To observe the morphology changes of MCF-7 cells by type I collagen treatment, cell staining was performed using Cnt-ST-100 stain kit (CELLnTEC Advanced Cell Systems AG, Bern, Switzerland). MCF-7 cells were seeded on type I collagen-coated or non-coated 6-well plate and cultured for 24 h. Then, the medium of each well was aspirated and fixed with 4% paraformaldehyde for 20 min before being stained by Cnt-ST-II solution for 10 min. The cells were washed in PBS for twice. Then the cells were covered with cover glasses and photographed. 

Cell invasion assay

Cell invasion assay was performed using BD BioCoat Matrigel invasion Chamber kit (Becton Dickinson, New Jersey, USA). MCF-7 cells were seeded on type I collagen-coated or non-coated 6-well plate. 24 h later, 1 × 105 cells/600 ml were added to the top chamber of a cell culture insert in a 24-well companion plate. After 48 h incubation, the chambers were collected and stained by Cnt-ST-II solution and invaded cells numbers on the membrane were counted. The number of cells that had migrated was quantified by counting them in ten random distinct fields using a light microscope. 

Cell proliferation assay

The cell proliferation assay was performed using the MTS[3-(4, 5-dimethylthiazol-2-yl)-5-(3-carboxymethoxyphenyl)-2-(4-sulfophenyl)-2H-tetrazolium]assay. MCF-7 cells were seeded on type I collagen-coated or non-coated 96-well plate (Becton Dickinson). These cells were cultured in 5% CO2 at 37°C for indicated time (24, 48, 72 and 96 h). Then, the cells were added along with the Cell Titer 96 AQueous One Solution Reagent (Promega Corporation, Medison, WI, USA) to each well and were incubated at 37°C for additional 1 h. Absorbance at 490 nm was measured using a microplate reader.


Type I collagen significantly up-regulated the expression of both DEC1 and DEC2

Type I collagen affected the mRNA levels of DEC1, DEC2 as well as EMT-associated markers, while the basal expression of both DEC1 and DEC2 were low in mRNA levels (Figure 1). Type I collagen also up-regulated the expression of mesenchymal markers such as snail and a-SMA, while type I collagen did not affect the expression of slug. The mRNA levels of E-cadherin and claudin-1 were decreased by type I collagen treatment. These results indicated that signaling pathways induced by type I collagen regulated the expression of DEC1 and DEC2, as well as that of EMT-associated genes in human breast cancer MCF-7 cells.

Type I collagen altered the morphology of MCF-7 cells and promoted invasiveness of MCF-7 cells

Cancer cells with EMT are characterized by acquiring a fibroblast-like motile and invasive phenotype. We examined whether type I collagen induced EMT-like morphological changes in MCF-7 cells. MCF-7 cells cultured on the type I collagen-coated dish for 24 h showed a spindle-shaped morphology (Figure 2A). Next we examined whether type I collagen affected invasive potentials of MCF-7 cells using cell invasion assay. Cell invasion of MCF-7 cells was significantly increased by type I collagen treatment compared to non-treated condition (Figure 2B). These results indicated that type I collagen induced a mesenchymal phenotype in MCF-7 cells.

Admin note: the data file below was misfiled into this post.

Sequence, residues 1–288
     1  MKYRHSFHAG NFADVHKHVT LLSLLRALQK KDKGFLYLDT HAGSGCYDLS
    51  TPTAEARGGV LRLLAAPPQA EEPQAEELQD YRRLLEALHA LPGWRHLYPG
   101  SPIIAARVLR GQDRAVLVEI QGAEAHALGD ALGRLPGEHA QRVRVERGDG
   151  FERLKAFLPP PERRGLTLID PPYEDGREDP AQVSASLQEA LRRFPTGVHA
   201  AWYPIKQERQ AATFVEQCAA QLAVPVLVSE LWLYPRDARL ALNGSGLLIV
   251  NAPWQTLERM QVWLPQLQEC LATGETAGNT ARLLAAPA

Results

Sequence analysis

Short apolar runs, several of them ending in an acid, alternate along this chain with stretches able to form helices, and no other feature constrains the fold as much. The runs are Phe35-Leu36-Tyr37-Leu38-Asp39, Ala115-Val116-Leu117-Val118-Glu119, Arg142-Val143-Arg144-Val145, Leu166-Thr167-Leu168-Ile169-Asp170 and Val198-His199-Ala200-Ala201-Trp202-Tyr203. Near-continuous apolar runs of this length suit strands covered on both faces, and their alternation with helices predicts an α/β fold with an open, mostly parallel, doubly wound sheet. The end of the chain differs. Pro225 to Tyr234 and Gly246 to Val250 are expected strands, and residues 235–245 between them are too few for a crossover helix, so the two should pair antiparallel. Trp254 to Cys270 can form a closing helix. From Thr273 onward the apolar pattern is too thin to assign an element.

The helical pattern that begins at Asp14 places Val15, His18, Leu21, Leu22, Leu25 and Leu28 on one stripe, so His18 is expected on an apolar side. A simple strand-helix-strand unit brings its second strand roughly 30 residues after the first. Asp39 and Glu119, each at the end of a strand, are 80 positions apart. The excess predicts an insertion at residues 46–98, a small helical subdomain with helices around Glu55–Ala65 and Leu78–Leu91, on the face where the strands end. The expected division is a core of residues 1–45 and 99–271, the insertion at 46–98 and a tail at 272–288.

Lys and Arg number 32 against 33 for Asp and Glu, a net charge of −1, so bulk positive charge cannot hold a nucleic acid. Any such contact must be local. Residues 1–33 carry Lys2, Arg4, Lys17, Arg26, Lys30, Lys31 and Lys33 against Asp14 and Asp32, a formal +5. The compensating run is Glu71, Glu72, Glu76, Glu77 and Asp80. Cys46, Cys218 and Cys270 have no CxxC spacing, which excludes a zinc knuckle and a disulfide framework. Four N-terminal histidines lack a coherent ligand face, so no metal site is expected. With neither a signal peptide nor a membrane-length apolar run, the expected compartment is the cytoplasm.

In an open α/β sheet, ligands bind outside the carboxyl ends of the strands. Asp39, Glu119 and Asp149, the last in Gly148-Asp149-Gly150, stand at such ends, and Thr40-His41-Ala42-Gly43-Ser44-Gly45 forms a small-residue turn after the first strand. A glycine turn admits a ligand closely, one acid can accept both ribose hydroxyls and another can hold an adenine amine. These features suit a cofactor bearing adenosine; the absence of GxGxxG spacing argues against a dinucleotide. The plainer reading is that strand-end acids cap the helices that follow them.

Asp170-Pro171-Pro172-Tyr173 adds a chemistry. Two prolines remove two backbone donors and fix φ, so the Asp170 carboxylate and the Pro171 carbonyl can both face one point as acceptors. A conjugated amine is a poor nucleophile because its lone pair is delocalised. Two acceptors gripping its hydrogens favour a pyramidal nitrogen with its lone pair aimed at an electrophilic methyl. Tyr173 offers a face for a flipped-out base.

Type I collagen promoted cell proliferation of MCF-7 cells

To investigate whether type I collagen affects cell proliferation of MCF-7 cells, we performed the MTS assay after culture for 24, 48, 72 and 96 h. The MTS assay showed that the proliferation of MCF-7 cells was induced by type I collagen treatment in any culture periods. Especially, cultured for 24, 48, 96 h showed significantly increased in the proliferation of MCF-7 cells by type I collagen treatment (Figure 3). These results indicated that type I collagen promoted MCF-7 cells proliferation 


In the present study, we demonstrated type I collagen induced EMT in human breast cancer MCF-7 cells as follows:

   i.            Decreased epithelial markers and increased mesenchymal markers of MCF-7 cells on the type I collagen-coated plates,

  ii.            MCF-7 cells morphology were changed to fibroblast-like shapes on the type I collagen-coated plates, and

iii.            Invasive potential of MCF-7 cells were increased by type I collagen treatment. This is the first report to describe the up-regulated expression of DEC1 and DEC2, concomitant with EMT-associate factors.

EMT is a process by which epithelial cells lose their cell polarity and cell-to-cell adhesion, and gain invasive and migratory properties to become mesenchymal cells. EMT is essential for numerous developmental processes including mesoderm formation and neural tube formation. EMT has also been shown to occur in wound healing in organ fibrosis and in the initiation of metastasis for cancer progression [31]. In the molecular levels, EMT is associated with up-regulated transcription factors such as snail and slug, decreased adhesion molecules (e.g. E-cadherin, b-catenin, claudin) and increased mesenchymal markers (e.g. N-cadherin, vimentin, a-smooth muscle actin). In our present study, type I collagen induced EMT and the mRNA levels of slug showed no significant changes, although slug has been known as one of the EMT-associated genes [32]. We have not found any reports that type I collagen up-regulates slug gene expression and we speculated that the mRNA level of slug is not directly affected by type I collagen.

We demonstrated that type I collagen also up-regulated DEC1 and DEC2 expressions, concomitant with inducing EMT-associated factors. The up-regulated DEC1 and DEC2 are thought to participate in EMT processes in MCF-7 cells treated with type I collagen. Previously, we reported that DEC1 knockdown inhibited EMT processes [18] and DEC1 was the downstream factor of PI3K-Akt signaling pathway [33]. Type I collagen has shown to promote EMT through ILK-Akt signaling pathway [29]. Therefore, DEC1 is thought to be up-regulated by crosstalk between PI3K-Akt and ILK-Akt signaling pathways, and to promote EMT by type I collagen treatment. In the near future, we will try to clarify the molecular mechanisms of DEC1, as well as the significance of DEC2 in EMT process induced by type I collagen. Elucidation of relationship between DECs and EMT may provide new insights into breast cancer therapeutic strategies.


This study was supported by Grants-in-Aid for science from them ministry of Education, Culture, Sports, Science and Technology of Japan and a grant for Hirosaki University Institutional Research.